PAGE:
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Wednesday, June 3, 2015

Thais find new spiritual anchor in amulets

Monday, August 13, 2007

BANGKOK, Thailand -- They can cost a small fortune, resemble '80s disco jewelry, and are arguably un-Buddhist, but many Thais seeking psychic insurance in troubled times are snapping up so-called Jatukam Ramathep amulets, coin-shaped talismans with supposed magical powers.

The Jatukam amulets, coveted by millions of people in Thailand -- and available on eBay for those living elsewhere -- have become big business, as believers, collectors and speculators drive a thriving market. Rare ones reportedly command prices of more than $30,000.

The amulet craze has also led to robberies and at least one death, when a crowd stampeded for the opportunity to get a limited edition.

As Thailand muddles through political insecurity and nervousness about the economy, people are more openly grasping at supernatural aids. The fad vividly illustrates how belief in astrology, the occult and animism remain a major part of a modern, industrialized Thailand.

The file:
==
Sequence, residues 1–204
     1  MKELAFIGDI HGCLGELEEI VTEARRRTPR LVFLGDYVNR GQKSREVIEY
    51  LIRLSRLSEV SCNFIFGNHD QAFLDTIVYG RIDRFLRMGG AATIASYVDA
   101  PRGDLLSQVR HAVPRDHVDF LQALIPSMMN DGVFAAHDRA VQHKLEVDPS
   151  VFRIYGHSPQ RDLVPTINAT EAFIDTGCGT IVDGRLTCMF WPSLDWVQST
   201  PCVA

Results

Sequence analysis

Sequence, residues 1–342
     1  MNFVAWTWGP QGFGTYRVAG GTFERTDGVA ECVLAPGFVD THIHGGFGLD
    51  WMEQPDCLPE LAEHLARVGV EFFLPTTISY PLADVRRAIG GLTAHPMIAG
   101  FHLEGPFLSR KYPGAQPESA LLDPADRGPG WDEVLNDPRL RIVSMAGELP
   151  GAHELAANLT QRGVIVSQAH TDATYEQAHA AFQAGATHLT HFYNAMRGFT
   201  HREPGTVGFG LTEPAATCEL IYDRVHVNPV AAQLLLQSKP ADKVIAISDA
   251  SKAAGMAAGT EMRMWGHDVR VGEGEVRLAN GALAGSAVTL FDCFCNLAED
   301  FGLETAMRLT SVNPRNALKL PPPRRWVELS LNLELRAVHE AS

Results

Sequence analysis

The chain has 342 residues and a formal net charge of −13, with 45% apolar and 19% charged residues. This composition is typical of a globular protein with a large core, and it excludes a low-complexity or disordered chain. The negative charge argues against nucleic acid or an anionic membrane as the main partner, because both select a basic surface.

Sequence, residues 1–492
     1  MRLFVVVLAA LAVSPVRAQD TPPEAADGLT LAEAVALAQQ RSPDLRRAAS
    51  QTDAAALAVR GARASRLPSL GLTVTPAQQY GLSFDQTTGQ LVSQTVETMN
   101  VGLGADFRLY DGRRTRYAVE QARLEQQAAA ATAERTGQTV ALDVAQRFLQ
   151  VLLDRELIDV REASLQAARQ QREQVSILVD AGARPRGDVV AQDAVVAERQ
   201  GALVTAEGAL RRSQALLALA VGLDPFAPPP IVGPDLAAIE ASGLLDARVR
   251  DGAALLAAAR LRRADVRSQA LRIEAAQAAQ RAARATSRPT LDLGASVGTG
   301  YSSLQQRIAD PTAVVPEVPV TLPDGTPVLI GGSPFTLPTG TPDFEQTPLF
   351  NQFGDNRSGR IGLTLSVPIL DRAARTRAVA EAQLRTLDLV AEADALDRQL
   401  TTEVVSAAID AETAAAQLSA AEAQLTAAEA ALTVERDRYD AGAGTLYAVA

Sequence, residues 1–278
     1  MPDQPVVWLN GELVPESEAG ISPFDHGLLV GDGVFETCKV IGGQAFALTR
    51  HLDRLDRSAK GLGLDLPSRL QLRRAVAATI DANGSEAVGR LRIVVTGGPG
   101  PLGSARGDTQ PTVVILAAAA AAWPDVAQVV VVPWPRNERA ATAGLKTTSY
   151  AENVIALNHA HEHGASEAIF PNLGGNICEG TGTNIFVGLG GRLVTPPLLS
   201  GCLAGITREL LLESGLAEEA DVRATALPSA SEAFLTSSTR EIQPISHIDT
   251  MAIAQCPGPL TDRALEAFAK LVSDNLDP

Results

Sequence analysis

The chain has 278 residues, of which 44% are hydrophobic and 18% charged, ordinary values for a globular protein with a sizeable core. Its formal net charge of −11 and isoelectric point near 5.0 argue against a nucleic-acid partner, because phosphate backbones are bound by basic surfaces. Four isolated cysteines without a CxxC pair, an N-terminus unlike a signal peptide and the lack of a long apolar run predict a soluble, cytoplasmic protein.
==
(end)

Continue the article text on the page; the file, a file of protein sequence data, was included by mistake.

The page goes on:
The amulets are typically the size of a silver dollar, and come in a variety of materials, including bronze, silver and clay.

Prices depend on the materials used, the circumstances under which they were anointed -- some were recently taken aloft on a jetliner to be blessed by monks -- and how rare the model is.

Most amulet owners are fairly discreet, wearing them under shirts and blouses. Serious believers carry more than one and as many as a dozen, though such ostentatiousness is usually associated with policemen and criminals -- who understandably seek all the protection they can get.

But Jatukam amulets are everywhere; affluent businessmen, political protesters, teachers in the insurgency-wrecked south, curbside food vendors, all wear them proudly with the shared hope that they will ward off danger and attract good fortune.

"People turn to superstition when they feel that religion and other social as well as judicial systems are no longer providing them the security and justice they need," said respected archaeologist Srisak Vallibhotama. "It's a reflection of the kind of society we live in."


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